Exiqon this week launched a pair of bioinformatics products designed to extend the capabilities of its locked nucleic acid technology for detecting and analyzing microRNAs and mRNA.
The first software product will allow users to design custom quantitative real-time PCR assays for microRNA quantification using Exiqon's miRCURY LNA microRNA PCR kits; while the second product will enable customers to design locked nucleic acid probes to detect mRNA using in situ hybridization.
The first software product, which will be available from Exiqon online for customers using the company's miRCURY LNA PCR kits, is Exiqon's first design software for microRNA applications, an increasing area of focus for the company and for researchers in general, Henrik Pfundheller, vice president of sales and marketing for Exiqon, said this week.
"There are an increasing number of microRNAs and other small RNAs being found daily by next-generation sequencing," Pfundheller said. Exiqon currently offers validated assays for many of these miRNAs and small RNAs, "but it is impossible to keep pace with a lot of the new things that come out," Pfundheller added. "So with [this] software, we are addressing this need in the market to actually get qPCR primers for newly identified miRNAs and other small RNAs."
The software works by applying a proprietary algorithm to evaluate more than 3,000 primer pair designs based on more than 60 different design criteria in less than two minutes to find the optimal primer pair designs to detect and quantify a given miRNA or other small RNA.
"Researchers can basically paste in their own sequences that they found, and this software will rapidly design assays for these new sequences," Pfundheller said.
Exiqon's second new software product will allow customers to design LNA probes to detect mRNAs by in situ hybridization. Using this approach, customers can avoid working with "time-consuming and costly generation of riboprobes," Exiqon said in a statement.
Based on mRNA target sequence, the software will evaluate more than 5,000 designs based on more than 20 design criteria in less than a minute, the company said.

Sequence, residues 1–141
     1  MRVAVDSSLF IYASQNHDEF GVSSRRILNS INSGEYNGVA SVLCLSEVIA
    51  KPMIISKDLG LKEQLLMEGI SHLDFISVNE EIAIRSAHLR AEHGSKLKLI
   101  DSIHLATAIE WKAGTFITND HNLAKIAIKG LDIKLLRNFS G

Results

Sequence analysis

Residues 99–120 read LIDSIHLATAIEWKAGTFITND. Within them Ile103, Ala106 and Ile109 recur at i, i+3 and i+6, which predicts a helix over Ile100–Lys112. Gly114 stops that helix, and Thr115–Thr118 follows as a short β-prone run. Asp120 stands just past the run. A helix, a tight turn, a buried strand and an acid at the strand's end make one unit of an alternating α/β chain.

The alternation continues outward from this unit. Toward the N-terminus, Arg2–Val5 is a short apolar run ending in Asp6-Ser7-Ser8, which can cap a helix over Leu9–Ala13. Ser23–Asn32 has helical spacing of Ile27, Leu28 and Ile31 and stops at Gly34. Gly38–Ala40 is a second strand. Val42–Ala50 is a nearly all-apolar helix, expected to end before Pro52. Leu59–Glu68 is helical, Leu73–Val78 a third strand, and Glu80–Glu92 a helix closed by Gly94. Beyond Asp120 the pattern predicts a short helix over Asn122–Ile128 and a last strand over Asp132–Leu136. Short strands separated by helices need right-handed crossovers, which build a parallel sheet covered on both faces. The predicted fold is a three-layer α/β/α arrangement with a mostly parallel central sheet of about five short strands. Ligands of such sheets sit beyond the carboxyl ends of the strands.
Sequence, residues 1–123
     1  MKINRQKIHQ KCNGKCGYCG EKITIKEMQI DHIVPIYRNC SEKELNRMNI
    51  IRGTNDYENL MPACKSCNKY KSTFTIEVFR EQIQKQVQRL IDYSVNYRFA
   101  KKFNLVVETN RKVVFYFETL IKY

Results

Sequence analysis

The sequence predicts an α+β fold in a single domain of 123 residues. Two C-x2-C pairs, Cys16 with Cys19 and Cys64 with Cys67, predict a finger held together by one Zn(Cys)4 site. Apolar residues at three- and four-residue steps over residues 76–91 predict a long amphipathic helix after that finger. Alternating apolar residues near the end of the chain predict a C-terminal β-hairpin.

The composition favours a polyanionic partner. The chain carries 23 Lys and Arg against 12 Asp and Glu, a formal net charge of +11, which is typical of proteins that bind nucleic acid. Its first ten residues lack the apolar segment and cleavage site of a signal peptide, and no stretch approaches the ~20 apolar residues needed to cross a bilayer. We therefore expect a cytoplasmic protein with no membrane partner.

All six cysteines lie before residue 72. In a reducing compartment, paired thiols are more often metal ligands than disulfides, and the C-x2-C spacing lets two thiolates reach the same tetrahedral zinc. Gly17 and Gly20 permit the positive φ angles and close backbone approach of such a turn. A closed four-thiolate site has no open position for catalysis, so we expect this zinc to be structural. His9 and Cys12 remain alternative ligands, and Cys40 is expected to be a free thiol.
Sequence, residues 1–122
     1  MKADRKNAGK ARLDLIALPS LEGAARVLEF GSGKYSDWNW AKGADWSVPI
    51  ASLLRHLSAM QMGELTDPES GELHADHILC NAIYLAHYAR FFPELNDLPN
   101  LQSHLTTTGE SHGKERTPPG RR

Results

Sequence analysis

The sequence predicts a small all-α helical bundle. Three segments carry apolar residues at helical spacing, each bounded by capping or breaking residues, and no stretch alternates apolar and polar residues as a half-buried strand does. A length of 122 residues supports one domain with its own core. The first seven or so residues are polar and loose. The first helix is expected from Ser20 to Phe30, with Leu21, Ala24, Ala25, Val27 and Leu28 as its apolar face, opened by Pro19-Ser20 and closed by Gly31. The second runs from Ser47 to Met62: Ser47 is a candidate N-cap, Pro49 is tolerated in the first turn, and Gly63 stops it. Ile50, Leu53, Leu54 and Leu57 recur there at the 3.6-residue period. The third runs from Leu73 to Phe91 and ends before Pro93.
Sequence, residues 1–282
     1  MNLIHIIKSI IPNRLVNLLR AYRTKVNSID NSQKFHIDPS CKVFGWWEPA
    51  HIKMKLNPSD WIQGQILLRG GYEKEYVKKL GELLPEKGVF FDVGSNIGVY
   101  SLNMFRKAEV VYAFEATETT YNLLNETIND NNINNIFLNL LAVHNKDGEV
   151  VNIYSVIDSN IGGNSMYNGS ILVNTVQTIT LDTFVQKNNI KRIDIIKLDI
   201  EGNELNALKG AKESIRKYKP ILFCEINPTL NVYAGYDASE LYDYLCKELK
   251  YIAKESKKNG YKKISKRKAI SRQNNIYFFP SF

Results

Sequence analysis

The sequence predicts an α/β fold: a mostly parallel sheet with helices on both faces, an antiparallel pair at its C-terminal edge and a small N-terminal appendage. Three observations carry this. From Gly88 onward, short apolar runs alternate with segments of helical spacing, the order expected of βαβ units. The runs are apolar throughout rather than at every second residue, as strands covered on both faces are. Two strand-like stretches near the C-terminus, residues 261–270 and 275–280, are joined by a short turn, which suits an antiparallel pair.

"Typically researchers have used riboprobes, and to some extent DNA probes … but today we are selling manually designed probes for messenger RNAs," Pfundheller said. "With this software it is possible for researchers to paste in their own messenger RNA, add the modifications they want, and then place a simple order online."
Exiqon's LNAs are RNA derivatives that contain a ring structure in their backbone, locking the molecules in a specific configuration with an ideal binding conformation. When incorporated into a DNA oligonucleotide, LNA speeds up the pairing with a complementary nucleotide strand and increases the stability of the resulting duplex.
Exiqon has built its business around developing research tools based on its LNA technology, but in recent months it has also put together a stable of bioinformatics software to supplement its molecular biology offerings.
The first of these software products was its ProbeFinder assay design software for the design of LNA probe-based real-time PCR assays for use with the Universal ProbeLibrary, developed by Exiqon and exclusively available from Roche Applied Science.
In addition, in May Exiqon inked a development and distribution deal with MultiD Analyses to incorporate a version of MultiD's GenEx qPCR analysis software for pre-processing and analysis of data from Exiqon's LNA Universal RT microRNA PCR kits (PCR Insider, 5/25/10).
"[W]e have always put a lot of effort into our bioinformatics work," Pfundheller said. "We use and develop assay design software when we develop all of our products. Basically, since we got the LNA technology we have been working on investigating the properties of LNA, and it's all that knowledge … about LNA and its properties … that we take advantage of in our new assay design software."